Another show was an all poetry special, which featured Elvis songs bookended by the likes of Kerouac and other beats reciting their poetry, Charles Bukowski reading his poetry or William Shatner reading his poetry (!) and yes, Elvis also reciting some poetry ("As I awoke one morning...")!! Another radio show featured one of Elvis' complete performances, one chock full of his monologues, say the College Park, Maryland show from 1974, chopped up and wrapped with classic jazz music tracks.
In a way, it was a glorious creative time, in retrospect.
But I think I am moving too fast with Maile.
My god, what did I do, I
mentioned to Maile that we should each make for the other a mix tape (yes, I used
that very phrase, "mix tape"; I am a dork) of our respective favorite Elvis tracks.
Of course, my mind is on another radio show. My older self is wanting to recapture some part of my younger self that may be long gone.
I've already made the mistake of just blindly, hurriedly, excitedly ("Wait till Maile hears this, she will love it") making CDs for Maile already, straight copies, and so I have exhausted a good supply of outtakes and live performance tracks.
Adding to my creative impotence at the moment is a sense I have that Maile is hesitant. Maile is an Elvis fan, one of those true bloods who loves his music, who remembers fondly watching Elvis' movies when just a child. But Maile is not interested in a trip to the dark side. Maile is not interested (yet?) in listening to, say, a tape recording circa 1976 of the last phone conversation between Elvis and Red West, after Elvis had fired Red, or, rather, had his dad fire Red, and Red is trying to to get a woozy, drugged Elvis to admit that what Elvis did was really shitty. Or listening to a phone conversation between Arlene (obviously a former one night stand) and an Elvis who is clearly not interested in talking to her. And forget about College Park, MD 1974 and most of 1977. Believe me, I can understand that only the truly demented Elvis obsessive would have any interest in hearing Jackie Kahane's act or hear the Sweet Inspirations opening set.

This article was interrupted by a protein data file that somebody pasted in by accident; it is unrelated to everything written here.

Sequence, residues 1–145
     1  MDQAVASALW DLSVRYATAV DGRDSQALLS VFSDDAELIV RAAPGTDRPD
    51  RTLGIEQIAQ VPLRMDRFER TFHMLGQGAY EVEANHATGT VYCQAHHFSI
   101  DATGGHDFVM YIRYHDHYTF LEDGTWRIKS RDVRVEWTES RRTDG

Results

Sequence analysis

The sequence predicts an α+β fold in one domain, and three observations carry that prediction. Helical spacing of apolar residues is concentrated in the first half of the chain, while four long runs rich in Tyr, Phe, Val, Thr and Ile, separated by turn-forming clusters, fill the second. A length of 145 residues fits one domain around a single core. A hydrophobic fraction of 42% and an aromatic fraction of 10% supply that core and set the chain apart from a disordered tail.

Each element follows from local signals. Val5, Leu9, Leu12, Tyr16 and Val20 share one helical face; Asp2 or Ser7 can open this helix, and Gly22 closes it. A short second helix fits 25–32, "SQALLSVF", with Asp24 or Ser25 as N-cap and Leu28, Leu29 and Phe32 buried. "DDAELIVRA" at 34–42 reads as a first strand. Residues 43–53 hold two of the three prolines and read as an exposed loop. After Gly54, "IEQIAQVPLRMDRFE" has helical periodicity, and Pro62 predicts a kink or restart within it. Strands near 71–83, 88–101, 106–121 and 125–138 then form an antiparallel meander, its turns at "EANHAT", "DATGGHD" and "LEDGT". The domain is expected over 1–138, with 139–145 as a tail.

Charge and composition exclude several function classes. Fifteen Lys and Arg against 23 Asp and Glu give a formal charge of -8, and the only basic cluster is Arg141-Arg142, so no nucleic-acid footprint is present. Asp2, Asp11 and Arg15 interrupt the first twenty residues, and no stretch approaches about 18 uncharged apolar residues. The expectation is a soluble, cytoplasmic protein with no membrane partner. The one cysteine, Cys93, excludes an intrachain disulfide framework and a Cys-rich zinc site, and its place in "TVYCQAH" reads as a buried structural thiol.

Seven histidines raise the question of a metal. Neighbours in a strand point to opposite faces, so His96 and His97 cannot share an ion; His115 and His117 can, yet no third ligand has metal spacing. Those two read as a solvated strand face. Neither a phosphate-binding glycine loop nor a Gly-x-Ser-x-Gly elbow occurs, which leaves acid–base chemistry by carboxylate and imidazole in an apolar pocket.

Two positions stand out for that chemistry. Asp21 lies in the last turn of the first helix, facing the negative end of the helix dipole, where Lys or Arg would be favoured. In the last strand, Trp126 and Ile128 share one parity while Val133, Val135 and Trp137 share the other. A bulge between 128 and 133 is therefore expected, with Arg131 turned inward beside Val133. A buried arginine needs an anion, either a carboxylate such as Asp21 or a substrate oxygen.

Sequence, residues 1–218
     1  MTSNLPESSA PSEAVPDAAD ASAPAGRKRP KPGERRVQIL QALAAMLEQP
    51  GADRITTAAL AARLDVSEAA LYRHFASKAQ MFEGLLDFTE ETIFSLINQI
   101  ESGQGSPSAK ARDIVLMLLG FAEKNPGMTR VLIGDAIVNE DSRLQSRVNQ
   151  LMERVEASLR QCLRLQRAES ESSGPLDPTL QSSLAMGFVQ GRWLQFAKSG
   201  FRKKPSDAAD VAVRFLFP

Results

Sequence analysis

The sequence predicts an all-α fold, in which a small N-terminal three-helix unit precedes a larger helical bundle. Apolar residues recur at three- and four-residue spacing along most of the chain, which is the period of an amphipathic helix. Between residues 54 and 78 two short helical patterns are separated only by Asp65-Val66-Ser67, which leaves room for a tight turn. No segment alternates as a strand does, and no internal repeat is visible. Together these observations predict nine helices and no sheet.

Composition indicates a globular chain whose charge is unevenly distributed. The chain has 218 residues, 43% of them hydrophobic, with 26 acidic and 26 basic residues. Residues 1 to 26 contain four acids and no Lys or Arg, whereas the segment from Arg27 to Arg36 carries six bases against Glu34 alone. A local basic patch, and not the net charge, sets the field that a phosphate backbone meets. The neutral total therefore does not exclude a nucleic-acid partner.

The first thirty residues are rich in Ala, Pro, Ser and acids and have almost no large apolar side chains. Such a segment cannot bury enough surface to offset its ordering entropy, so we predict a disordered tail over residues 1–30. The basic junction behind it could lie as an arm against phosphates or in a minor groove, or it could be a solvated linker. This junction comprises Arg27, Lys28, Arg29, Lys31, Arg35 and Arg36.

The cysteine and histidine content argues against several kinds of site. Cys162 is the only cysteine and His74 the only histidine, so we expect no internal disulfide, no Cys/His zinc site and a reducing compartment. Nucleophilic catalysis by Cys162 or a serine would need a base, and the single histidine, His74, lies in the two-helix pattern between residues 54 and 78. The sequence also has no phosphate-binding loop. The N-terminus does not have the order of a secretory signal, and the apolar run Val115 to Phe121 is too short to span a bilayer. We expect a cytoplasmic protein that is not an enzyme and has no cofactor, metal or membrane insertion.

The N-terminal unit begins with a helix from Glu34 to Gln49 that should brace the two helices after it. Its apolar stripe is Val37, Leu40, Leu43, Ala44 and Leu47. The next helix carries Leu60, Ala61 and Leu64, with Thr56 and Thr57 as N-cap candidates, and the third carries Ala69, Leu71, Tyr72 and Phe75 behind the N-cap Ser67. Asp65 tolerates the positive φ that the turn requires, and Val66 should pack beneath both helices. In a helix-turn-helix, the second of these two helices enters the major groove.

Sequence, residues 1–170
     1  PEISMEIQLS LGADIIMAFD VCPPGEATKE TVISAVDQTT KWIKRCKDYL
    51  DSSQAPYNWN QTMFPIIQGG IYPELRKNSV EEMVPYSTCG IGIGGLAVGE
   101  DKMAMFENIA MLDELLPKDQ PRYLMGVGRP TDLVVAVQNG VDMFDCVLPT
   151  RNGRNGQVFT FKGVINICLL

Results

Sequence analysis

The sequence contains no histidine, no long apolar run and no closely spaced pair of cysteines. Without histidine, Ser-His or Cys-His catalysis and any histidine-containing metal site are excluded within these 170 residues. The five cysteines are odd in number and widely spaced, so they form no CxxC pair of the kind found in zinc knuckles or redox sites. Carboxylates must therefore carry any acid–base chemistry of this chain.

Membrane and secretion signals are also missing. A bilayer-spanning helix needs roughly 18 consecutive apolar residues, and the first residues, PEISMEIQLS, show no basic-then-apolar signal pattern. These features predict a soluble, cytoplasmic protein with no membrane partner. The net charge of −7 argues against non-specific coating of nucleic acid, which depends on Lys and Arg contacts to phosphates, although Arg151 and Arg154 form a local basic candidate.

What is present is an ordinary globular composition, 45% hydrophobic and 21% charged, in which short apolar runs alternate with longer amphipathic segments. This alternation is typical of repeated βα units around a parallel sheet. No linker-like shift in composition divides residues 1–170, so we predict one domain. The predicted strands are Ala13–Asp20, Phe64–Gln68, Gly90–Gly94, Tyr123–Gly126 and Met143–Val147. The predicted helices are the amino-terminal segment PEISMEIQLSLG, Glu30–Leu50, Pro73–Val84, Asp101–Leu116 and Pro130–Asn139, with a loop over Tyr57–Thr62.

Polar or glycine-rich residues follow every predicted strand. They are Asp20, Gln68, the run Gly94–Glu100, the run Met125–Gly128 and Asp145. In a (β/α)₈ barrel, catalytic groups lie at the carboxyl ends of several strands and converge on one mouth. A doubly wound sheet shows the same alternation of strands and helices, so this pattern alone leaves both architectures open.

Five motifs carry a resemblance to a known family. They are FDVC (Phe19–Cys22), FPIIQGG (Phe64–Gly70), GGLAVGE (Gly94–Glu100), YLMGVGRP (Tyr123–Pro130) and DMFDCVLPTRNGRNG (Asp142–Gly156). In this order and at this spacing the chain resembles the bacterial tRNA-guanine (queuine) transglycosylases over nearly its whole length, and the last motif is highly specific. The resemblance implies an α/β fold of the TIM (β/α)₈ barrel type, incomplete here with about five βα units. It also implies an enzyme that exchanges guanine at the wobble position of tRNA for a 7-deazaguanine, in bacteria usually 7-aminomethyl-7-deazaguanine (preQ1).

So I am working to put together a CD of some Elvis tunes that are on constant play on my Ipod, cherry-picking from the bootlegs so hopefully this will be material Maile hasnt heard before (although with my Elvis collection in such disarray, some on CD, some of which is just digital files on who knows which one of dozens of different portable hard drives) this is taking too long a time
And still I think about introducing Maile to the dark side.
One show I have been listening to of late would be a perfect start. The September 3, 1973 closing show in Vegas. Elvis has not yet descended to the deranged (as he did in September 1974) but he is becoming unhinged.
How else to explain Elvis coming out on stage in this fashion:
Look closer. What is that on...
And that is just the start of the show.
I dont want to give away the high points of the show, but one visual bit of business (of which no photos can be found) that wont be appreciated by listening to the recording is that when Elvis starts singing "What Now My Love", a bed (!) is rolled out on stage and Elvis lies down on the bed and sings the song from there.
Believe it or not, there is a good set list for this particular evening but that is actually secondary to what happens on stage.
Would Maile want to know who this "Mario" person is that Elvis mentions during the show? and why exactly does Elvis decide (in mid-song!) to throw down a challenge to Conrad Hilton (the owner of the Hilton Hotel where Elvis happens to be performing) as well as all of the staff?
How can Maile not be intrigued enough to take a trip to the dark side?